When designing a UI or landing page that has a desired action, I like to revisit the principals learned in an excellent book by Barry Schwartz called "The Paradox of Choice". There are three main principals I've taken away from The Paradox of Choice:
- The more options people consider, the more buyer's regret they have.
- The more options people consider, the less fulfilling the ultimate outcome.
- Most important: The more options people have, the less likely they are to make a choice.
These three principles can be tough to use when designing a UI or a web page because our instincts tell us that more = more when in reality it is quite the opposite.
Here's a few tips for improving your user experience using these principals:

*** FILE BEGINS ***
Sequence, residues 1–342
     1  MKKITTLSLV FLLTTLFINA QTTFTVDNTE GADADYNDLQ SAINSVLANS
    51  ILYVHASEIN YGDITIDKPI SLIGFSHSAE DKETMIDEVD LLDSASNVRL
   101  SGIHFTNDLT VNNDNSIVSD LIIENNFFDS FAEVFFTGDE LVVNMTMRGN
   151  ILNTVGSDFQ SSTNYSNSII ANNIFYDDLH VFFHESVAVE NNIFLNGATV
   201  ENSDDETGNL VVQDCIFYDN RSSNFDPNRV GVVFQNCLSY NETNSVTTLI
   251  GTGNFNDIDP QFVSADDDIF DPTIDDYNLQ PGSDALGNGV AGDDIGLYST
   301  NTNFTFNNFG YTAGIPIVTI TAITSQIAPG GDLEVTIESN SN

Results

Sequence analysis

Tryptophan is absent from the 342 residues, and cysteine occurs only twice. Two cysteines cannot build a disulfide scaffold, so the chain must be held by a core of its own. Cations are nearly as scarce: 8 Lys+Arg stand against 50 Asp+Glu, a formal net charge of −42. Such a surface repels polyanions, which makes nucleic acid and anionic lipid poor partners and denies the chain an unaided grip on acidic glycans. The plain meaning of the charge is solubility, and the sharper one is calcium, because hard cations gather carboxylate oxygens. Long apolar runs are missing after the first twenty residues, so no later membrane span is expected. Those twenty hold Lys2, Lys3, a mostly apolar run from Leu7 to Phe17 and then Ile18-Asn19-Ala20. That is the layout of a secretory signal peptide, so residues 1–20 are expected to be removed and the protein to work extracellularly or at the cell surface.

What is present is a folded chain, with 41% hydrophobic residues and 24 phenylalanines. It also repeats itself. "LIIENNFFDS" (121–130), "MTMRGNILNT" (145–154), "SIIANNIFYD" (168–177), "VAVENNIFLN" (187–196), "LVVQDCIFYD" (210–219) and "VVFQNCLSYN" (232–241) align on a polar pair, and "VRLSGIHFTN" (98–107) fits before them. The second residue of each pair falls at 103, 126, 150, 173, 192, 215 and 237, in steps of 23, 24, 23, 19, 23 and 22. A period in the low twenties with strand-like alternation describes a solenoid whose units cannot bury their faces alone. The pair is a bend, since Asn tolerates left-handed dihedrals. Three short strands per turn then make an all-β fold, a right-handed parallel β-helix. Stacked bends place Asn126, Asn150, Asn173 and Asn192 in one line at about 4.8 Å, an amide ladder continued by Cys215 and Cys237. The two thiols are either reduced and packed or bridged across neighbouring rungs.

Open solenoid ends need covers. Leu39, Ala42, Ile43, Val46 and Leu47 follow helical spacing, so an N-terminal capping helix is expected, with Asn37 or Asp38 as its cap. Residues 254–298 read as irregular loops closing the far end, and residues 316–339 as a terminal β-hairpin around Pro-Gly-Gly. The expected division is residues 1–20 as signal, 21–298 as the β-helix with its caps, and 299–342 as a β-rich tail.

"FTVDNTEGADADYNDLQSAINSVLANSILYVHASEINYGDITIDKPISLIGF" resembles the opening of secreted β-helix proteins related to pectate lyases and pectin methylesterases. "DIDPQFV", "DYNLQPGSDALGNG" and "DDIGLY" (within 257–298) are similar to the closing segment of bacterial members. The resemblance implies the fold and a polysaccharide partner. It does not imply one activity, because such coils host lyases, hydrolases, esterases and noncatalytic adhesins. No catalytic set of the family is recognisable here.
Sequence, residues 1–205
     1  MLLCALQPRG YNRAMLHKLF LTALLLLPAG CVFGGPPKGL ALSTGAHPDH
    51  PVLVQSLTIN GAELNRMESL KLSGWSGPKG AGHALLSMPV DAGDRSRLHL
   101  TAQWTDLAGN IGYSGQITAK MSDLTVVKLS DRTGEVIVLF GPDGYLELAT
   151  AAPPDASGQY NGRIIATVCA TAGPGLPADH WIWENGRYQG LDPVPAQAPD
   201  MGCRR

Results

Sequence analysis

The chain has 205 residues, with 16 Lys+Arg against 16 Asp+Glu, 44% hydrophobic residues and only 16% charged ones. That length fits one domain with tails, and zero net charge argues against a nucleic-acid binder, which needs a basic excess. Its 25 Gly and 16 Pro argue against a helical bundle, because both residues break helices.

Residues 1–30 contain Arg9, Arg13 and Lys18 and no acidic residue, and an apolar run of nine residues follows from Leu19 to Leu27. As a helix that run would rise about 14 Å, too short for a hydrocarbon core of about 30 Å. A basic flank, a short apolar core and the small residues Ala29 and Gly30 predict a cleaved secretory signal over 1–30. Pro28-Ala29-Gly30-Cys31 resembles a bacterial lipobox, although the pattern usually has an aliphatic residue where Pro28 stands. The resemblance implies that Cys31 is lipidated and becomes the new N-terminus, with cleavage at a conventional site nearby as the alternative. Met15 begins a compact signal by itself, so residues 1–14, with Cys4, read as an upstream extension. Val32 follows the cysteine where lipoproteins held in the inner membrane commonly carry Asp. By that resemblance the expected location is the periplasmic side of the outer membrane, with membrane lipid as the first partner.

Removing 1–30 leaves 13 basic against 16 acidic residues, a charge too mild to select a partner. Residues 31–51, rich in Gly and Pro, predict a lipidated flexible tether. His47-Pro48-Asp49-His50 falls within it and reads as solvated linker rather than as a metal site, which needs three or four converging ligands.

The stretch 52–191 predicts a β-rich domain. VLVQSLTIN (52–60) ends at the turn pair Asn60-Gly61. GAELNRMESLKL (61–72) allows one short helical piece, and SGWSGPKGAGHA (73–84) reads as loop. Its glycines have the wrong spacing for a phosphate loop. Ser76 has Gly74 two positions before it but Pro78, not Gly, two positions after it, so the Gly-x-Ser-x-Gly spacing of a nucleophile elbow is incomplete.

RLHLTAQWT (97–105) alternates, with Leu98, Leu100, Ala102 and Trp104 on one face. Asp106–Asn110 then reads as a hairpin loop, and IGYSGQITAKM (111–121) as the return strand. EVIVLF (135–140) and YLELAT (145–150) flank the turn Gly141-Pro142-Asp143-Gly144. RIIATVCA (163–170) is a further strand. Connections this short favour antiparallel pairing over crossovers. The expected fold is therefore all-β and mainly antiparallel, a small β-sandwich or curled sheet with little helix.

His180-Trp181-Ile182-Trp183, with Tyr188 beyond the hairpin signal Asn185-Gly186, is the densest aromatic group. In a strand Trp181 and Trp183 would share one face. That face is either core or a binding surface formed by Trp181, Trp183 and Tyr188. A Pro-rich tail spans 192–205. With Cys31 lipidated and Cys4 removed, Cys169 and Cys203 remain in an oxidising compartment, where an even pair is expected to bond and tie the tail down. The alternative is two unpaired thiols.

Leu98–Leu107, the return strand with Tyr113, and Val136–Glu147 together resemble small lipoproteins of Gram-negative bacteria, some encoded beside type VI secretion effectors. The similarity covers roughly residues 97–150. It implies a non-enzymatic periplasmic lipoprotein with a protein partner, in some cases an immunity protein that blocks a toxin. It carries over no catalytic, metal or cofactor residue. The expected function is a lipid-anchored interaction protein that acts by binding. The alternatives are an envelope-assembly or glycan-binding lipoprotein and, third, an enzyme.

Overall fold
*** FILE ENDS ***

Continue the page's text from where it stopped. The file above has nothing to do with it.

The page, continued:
Strip out the bells and whistles. Unless they directly aid in getting your users from Point A -> B, loose em.
Get rid of fluffy copy. Face it, when trying to accomplish something, people don't read, they skim. Fluffy copy just slows them down and waists precious time. Chances are that if you need lots of text to describe something, that something is too complicated. If you must have a block of copy, re-write it down to the point where is says the same thing in as few words as possible.
Dont give users a bunch of different ways to view the same information. Determine the best way and present it that way. Any time I've ever built a UI with lots of views types, usability testing forces me to choose the best and strip out the rest.
Present one task or call to action per screen. Every screen should have one clear call to action or end goal. It's better to have many screens that lead the user down a path than one page that does it all.